Tables 6 and 7 – energy and construction work

Table 6 extracts the firm’s energy industry work (and within that oil and gas matters). Table 7, its work in construction.Last, we come to the breakdown of work by industry.

These show that NERA Economic Consulting is overwhelmingly at present the most active firm on energy cases, while HKA and Secretariat International lead the field for construction arbitration.

NERA’s performance in the energy table is no real surprise (it comes top for sheer volume) since the firm first grew from work for utilities and other regulated industries (including power companies). Sure enough, nine of its active experts specialise in energy matters; one, Dr Fabrizio Hernández, is the former Spanish secretary of state for energy. NERA is one of the most long-standing consulting firms; it was established in 1961 and has since developed an arbitration team of over 40 experts. What’s notable in NERA’s work is how few of the energy matters are traditional oil and gas cases. The bulk are about electric power and renewables instead.

For oil and gas matters, the busiest firms appear to be Compass Lexecon, Cornerstone and Berkeley Research Group.

Similarly, as mentioned, both HKA and Secretariat International have roots in construction industry consulting – and both are to be found near the top of table 7, with 37 cases to 29, respectively. HKA is now the world’s largest construction consulting group. David Carrick and Wendy MacLoughlin were often called upon during our research period to act on big construction cases. While Secretariat had fewer cases overall, it had a more concentrated pool of experts that were called on – Amit Garg, Don Harvey and Ted Scott were all used on multiple occasions.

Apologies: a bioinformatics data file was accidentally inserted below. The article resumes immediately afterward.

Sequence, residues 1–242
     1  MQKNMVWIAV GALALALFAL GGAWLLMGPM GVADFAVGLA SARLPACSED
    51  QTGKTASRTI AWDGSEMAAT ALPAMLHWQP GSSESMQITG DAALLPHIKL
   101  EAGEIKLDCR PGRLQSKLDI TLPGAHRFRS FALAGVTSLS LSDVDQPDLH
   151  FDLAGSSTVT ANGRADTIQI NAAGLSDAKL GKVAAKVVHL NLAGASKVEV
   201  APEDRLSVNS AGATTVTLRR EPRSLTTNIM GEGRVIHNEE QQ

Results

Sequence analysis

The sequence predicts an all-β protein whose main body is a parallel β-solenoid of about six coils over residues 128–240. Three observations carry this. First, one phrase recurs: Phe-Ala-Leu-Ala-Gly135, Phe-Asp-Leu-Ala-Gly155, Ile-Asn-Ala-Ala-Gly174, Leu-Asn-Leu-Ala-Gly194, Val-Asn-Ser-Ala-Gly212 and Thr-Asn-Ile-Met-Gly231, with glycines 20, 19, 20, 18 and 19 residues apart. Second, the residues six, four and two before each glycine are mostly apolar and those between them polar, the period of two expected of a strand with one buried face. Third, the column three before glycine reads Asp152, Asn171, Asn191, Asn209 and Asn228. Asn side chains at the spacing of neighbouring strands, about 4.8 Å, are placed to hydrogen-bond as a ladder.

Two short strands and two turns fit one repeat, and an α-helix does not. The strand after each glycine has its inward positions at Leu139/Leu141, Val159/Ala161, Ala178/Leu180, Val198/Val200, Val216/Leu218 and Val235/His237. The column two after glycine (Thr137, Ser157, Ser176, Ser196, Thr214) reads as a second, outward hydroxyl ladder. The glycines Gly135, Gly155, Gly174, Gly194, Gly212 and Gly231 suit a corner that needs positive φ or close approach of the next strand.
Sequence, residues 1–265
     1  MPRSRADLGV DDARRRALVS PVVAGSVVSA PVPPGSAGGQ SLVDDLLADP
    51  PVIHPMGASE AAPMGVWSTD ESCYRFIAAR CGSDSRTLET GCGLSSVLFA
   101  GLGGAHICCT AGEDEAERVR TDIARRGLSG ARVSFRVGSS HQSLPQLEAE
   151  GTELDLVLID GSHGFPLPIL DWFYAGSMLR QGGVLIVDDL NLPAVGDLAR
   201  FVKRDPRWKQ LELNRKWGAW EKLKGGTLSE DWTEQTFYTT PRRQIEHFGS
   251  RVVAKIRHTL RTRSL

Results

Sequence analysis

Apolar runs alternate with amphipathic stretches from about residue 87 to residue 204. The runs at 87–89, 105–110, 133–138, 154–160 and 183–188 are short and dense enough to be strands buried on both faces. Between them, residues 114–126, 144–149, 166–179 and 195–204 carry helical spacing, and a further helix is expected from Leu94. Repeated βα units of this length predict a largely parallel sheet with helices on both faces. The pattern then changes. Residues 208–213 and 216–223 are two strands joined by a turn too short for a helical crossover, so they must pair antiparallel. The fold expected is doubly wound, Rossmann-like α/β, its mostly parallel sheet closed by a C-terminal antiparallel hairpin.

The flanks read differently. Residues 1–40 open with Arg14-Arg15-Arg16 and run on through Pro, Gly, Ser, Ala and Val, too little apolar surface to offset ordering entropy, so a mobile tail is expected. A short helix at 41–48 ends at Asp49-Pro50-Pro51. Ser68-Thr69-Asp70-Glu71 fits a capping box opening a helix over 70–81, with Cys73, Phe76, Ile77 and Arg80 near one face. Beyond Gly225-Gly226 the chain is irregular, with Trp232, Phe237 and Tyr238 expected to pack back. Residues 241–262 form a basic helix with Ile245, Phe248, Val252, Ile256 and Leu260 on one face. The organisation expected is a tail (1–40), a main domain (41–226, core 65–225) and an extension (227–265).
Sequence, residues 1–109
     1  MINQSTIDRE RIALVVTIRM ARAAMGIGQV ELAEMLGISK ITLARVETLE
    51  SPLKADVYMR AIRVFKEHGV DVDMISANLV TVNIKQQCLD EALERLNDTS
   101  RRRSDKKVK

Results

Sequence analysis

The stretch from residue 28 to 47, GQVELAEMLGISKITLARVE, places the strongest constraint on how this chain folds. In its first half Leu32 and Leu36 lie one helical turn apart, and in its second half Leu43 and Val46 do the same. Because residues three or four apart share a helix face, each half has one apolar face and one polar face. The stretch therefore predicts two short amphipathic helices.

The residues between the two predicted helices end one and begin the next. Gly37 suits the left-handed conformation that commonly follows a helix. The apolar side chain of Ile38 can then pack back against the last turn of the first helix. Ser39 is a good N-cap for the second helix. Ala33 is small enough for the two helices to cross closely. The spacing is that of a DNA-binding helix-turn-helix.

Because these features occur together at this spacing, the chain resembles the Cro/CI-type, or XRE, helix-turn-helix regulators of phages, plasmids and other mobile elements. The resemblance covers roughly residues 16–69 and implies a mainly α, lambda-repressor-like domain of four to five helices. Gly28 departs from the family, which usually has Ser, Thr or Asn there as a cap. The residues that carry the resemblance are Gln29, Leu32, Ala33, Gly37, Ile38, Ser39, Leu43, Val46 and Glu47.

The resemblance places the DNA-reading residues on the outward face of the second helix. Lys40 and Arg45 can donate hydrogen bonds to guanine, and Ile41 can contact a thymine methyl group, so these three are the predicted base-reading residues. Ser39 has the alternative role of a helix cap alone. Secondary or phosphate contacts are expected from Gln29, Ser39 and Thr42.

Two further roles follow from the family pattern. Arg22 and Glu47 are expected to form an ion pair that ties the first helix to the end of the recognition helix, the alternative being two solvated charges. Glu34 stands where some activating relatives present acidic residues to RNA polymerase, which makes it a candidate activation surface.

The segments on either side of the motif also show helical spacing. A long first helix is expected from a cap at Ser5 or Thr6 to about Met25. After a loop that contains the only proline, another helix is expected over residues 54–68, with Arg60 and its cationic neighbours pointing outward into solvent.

In terms of activity versus size, Delta Consulting comes out as an impressive contender in our table of energy (table 6) and construction (table 7) arbitrations. What is particularly interesting is how the two overlap; most of the claims on which it was appointed qualified as both construction and energy-related matters (hence the number of appointments on both tables are pretty much equal at five and six, respectively). The firm’s current incarnation was founded in 2000 and its arbitration team is currently 10 strong. The firm specialises in consulting on large scale engineering projects (many of which these days are energy related). Co-founder Jeffrey Fuchs was appointed four times over the past two years on large-scale arbitrations, including to provide an expert opinion on damages claims regarding the dispute between the GUPC consortium and the Panama Canal Authority.

In terms of individuals, certain “famous names” cropped up time and time again as we reviewed our tables of law firm work.

Brent Kaczmarek is mentioned 17 times by law firms who appointed Navigant, Pablo Spiller comes up 17 times for cases on which Compass Lexecon was instructed and Carlos Lapuerta is noted 15 times for cases on which The Brattle Group was instructed. A common statement from experts is that it is often difficult for new names to break through, because their clients desire trusted names who are experienced testifying experts. Our research would suggest that the tension between putting on a well-known name and giving the next generation a chance to get flying hours hasn’t gone away.